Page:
By Antonio R. Harvey | OBSERVER Staff Writer

Kavon Ward, co-founder of Where Is My Land, visited Sacramento’s Oak Park neighborhood on Jan. 29 before taking a trip to Coloma to visit sites where Black gold miners once lived. Ward was instrumental in getting beach property returned to a Black family who lost it through eminent domain in the 1920s. Antonio R. Harvey, OBSERVER

Social justice activist Kavon Ward, co-founder of the nonprofit Where Is My Land, stopped in Sacramento last weekend on her way to visit Marshall Gold Discovery State Historic Park in Coloma. 

Months after helping a Black family regain their beachfront property after 100 years, Ward’s visit was all about learning the history of Black miners and their families’ lifestyle during the gold rush of the early 1850s and beyond, she said.

Ward said land was once owned by Black people in Coloma, 48 miles east of Sacramento and her organization is exploring how they acquired it, how long they had it, and how they may have lost it through unscrupulous actions.  

“With our organization, Where Is My Land, we focus on the families and we center the families’ stories. We just provide resources in order for them to get what they need to get,” Ward told the OBSERVER. “I feel like any story should focus on the history.”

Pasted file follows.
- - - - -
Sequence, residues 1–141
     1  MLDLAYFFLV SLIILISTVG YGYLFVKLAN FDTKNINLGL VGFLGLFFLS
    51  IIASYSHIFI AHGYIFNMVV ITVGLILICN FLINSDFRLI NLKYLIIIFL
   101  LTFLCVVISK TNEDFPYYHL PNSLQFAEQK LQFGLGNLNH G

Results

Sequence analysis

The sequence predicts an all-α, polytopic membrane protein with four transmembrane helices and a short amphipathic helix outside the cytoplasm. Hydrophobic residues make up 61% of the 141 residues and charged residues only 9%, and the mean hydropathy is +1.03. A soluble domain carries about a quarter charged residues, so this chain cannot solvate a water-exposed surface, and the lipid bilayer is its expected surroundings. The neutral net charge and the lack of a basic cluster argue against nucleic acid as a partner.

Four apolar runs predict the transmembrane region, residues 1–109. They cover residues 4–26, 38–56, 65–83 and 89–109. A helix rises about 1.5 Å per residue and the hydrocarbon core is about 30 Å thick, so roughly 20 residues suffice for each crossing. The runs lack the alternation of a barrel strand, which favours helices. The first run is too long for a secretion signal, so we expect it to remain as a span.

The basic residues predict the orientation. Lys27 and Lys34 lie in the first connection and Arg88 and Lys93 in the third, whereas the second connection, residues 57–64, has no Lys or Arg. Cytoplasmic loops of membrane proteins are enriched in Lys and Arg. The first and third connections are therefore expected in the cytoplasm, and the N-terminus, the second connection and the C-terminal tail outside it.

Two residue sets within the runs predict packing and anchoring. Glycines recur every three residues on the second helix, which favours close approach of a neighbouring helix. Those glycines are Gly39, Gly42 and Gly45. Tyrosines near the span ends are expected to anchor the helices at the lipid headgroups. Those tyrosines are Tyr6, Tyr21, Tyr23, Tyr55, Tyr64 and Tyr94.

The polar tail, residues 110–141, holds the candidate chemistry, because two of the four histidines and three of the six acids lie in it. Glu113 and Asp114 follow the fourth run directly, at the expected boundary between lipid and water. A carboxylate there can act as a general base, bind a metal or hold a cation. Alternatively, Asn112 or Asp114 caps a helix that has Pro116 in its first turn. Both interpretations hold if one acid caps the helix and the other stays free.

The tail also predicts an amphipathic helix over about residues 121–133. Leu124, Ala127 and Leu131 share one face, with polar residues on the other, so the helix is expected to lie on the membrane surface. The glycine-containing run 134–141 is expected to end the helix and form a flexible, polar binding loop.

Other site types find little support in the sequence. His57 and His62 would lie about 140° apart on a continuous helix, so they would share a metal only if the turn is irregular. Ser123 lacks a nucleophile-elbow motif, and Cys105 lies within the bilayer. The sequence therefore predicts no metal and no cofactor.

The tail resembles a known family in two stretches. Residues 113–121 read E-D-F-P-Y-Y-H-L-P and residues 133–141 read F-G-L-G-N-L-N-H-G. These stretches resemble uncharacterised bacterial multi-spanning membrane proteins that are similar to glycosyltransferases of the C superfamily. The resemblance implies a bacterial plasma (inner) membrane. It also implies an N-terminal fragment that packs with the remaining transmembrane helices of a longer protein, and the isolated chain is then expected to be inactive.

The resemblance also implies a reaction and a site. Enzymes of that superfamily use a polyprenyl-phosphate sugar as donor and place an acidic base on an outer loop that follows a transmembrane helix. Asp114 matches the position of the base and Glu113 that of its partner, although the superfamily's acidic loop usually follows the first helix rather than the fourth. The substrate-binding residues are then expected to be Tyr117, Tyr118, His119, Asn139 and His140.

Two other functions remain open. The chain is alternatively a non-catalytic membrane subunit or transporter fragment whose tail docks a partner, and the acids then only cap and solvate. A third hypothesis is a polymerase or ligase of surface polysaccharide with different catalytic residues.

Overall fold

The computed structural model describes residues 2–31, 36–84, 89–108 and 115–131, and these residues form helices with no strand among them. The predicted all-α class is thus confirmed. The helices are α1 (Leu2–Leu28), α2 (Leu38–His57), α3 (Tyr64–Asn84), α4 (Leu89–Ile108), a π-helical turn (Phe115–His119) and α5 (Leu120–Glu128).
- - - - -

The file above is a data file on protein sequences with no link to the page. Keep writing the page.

Co-founded by Ward and Ashanti Martin, Where Is My Land, helps Black Americans reclaim stolen land through advocacy, research, data, and technology. Ward traveled from Southern California to gather intelligence about the Monroe and Burgess, Black families that once owned property around the town where gold was first discovered in 1848. 

The Burgess family’s enslaved great-great-grandfather, Rufus “Nellson Bell” Burgess, was brought to California from Louisiana in the early 1850s to mine for gold in Coloma. He was freed and settled down as a blacksmith.

The elder Burgess later bought 88 acres in Coloma but somehow the state was able to take control of the property through eminent domain. The Burgesses have reported that other Black families lived in Gold Country but allegedly were forced to leave.

Ward led the successful return of land stolen from Willa and Charles Bruce in 1924. The California legislature passed Senate Bill (SB) 796, which made it possible for a government entity to return property that had been ripped by the city of Manhattan Beach through eminent domain.

Under the states’ law, eminent domain is the power of local, state, or federal government agencies to take private property for public use so long as the government pays just compensation.

Bruce’s Beach was the location of the first West Coast seaside resort for Black beachgoers and a residential enclave for a few African American families. Manhattan Beach city officials seized the beachfront property from the Black couple, citing an “urgent need” to build a city park. 

Under a racist climate that involved the Ku Klux Klan, “Whitecapping” strategies of intimidation and physical violence, the city succeeded in obtaining the land but the area was not developed for recreational use for decades.